Rebuilding Place in the Urban Space

"A community’s physical form, rather than its land uses, is its most intrinsic and enduring characteristic." [Katz, EPA] This blog focuses on place and placemaking and all that makes it work--historic preservation, urban design, transportation, asset-based community development, arts & cultural development, commercial district revitalization, tourism & destination development, and quality of life advocacy--along with doses of civic engagement and good governance watchdogging.

Sunday, August 11, 2019

Revisiting stories: the death of L. Brooks Patterson, County Executive, Oakland County, Michigan

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Note: I lived in Oakland County roughly from 1971/1972-1978 and the summers of 1979 and 1980.
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L. Brooks Patterson won 7 terms as County Executive in Oakland County, Michigan, which lies north of Detroit.  Before that he was the tough on crime County Prosecutor for 4 terms.

He was strongly pro-County and pretty much anti-Detroit, as I wrote in this piece from 2014, "The rise of Oakland County is built upon Detroit's fall."

From the Crain's Detroit Business article, "What will happen to Brooks' deputies?":
Patterson was first elected county executive in 1992 after serving four terms as Oakland County prosecutor.

His tenure as Oakland County executive was marked with myriad successes, but also controversy. The county's AAA bond rating has been reaffirmed time and time again under his leadership, and the county has a lauded three-year rolling budget. He instituted the Automation Alley high-tech cluster and the Emerging Sectors program for knowledge-based jobs. Medical Main Street and Main Street Oakland also came into being under his watch. He was honored by Governing magazine in 2013. The University of Detroit graduate and U.S. Army veteran was generally viewed as a business community champion.

While his leadership of Oakland County itself has drawn wide praise, his comments about Detroit and other issues have drawn criticism.

His career had been marked by bitter feuds with Detroit and neighboring counties over a host of issues ranging from transit to the Detroit Water and Sewerage Department. Some viewed him as an obstacle to more robust regional cooperation.
Like Trump's very parochial bilateral "Make America Great Again" push, Patterson was a block to creating more regional approaches to the area's issues.

In e-talking with Nigel, our correspondent from New Zealand, I looked up the demographic data comparing Wayne, Oakland, and Macomb Counties population from 1960 to today.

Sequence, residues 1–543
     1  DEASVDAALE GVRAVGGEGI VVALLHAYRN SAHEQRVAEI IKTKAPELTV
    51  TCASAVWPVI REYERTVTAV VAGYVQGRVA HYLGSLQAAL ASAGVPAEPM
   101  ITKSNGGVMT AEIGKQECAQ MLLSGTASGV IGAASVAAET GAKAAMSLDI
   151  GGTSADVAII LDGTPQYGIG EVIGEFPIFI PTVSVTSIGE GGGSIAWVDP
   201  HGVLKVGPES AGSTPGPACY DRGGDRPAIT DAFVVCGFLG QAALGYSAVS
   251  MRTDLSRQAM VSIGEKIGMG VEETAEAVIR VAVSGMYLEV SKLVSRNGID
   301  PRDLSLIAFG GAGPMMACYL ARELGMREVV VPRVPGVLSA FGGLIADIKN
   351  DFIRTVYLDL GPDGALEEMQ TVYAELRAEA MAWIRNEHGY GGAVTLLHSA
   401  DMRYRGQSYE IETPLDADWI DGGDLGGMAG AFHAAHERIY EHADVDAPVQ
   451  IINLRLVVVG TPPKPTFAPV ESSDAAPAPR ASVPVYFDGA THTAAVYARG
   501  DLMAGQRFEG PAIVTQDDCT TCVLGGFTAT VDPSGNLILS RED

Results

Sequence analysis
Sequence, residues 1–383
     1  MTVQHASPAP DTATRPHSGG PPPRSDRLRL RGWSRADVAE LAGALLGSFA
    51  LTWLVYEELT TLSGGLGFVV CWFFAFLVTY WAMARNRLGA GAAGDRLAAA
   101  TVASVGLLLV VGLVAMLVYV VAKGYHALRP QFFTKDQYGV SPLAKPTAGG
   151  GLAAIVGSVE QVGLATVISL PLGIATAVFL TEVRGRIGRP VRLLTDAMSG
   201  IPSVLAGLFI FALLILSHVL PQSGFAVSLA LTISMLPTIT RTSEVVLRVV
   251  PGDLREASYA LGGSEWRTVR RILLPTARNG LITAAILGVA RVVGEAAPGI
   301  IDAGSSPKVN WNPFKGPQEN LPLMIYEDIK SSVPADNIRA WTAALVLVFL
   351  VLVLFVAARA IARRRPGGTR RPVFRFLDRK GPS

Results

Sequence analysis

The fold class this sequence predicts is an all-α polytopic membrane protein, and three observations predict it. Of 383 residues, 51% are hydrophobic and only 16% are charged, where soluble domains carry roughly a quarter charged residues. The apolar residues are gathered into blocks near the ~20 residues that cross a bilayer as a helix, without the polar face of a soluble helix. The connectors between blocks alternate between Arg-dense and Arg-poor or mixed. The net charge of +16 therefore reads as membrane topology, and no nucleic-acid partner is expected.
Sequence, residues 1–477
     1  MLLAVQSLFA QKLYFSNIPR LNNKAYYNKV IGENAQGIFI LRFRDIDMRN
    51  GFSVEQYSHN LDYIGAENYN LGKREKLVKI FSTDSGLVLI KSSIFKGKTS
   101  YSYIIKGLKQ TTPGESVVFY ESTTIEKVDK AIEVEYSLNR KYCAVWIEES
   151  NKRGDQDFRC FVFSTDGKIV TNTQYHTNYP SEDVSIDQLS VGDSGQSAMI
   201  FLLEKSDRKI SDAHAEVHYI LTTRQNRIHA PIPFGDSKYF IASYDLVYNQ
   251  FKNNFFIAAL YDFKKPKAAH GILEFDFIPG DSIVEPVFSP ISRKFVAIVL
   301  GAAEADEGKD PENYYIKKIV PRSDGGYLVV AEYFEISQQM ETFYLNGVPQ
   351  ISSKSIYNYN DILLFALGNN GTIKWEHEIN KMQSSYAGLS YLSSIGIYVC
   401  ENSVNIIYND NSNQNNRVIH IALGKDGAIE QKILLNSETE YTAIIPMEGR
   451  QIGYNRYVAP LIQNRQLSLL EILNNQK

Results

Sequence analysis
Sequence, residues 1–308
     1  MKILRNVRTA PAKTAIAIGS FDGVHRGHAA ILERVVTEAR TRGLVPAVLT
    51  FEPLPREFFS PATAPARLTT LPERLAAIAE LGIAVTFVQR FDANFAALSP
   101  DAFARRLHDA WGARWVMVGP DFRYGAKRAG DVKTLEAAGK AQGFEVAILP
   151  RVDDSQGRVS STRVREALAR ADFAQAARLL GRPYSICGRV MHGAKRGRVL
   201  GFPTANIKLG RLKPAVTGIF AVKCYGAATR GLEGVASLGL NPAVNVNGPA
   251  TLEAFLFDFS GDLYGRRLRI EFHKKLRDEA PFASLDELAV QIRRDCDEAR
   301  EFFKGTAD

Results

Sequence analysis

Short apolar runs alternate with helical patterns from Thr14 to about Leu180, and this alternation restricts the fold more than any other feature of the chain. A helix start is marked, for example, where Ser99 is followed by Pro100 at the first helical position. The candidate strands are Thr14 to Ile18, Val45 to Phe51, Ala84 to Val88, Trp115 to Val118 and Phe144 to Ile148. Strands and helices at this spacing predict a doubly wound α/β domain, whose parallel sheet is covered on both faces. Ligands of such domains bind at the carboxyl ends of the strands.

Overall, there are only about 120,000 more residents in 2018 compared to 1960--although it must be acknowledged that the metropolitan area has grown beyond these three counties.

The difference is that 1.2 million residents from Detroit have been redistributed and Wayne County's population dropped by 900,000, while Oakland and Macomb Counties roughly doubled in population.

Patterson died not quite two weeks ago, and because in the 2016 election, the County shifted from a Republican dominated electorate to a more progressive and Democratic there is jockeying between Democrats as the Party aims to capture the County Executive position.

It's not clear if there will be a special election, which if one is held will be in the 2020 election cycle, for a two-year partial term, as the normal cycle for the office is in the "off year election" from Presidential elections.

Also see:

-- "Commentary: Patterson leaves enduring legacy, but time for region to move on," Crain's Detroit Business
-- "R.I.P. L. Brooks Patterson, A racist," Detroit Metro Times
-- "McGraw: Friends Say Brooks Patterson 'Loved' Detroit, But His Record Shows Otherwise," Deadline Detroit

A couple weeks ago in a post about segregation, I mentioned that I went to school for a time in the Pontiac School District, while the school system was desegregating and where school buses were bombed in protest. It turns out L. Brooks Patterson represented one of the incendiary anti-busing activists, Irene McCabe...

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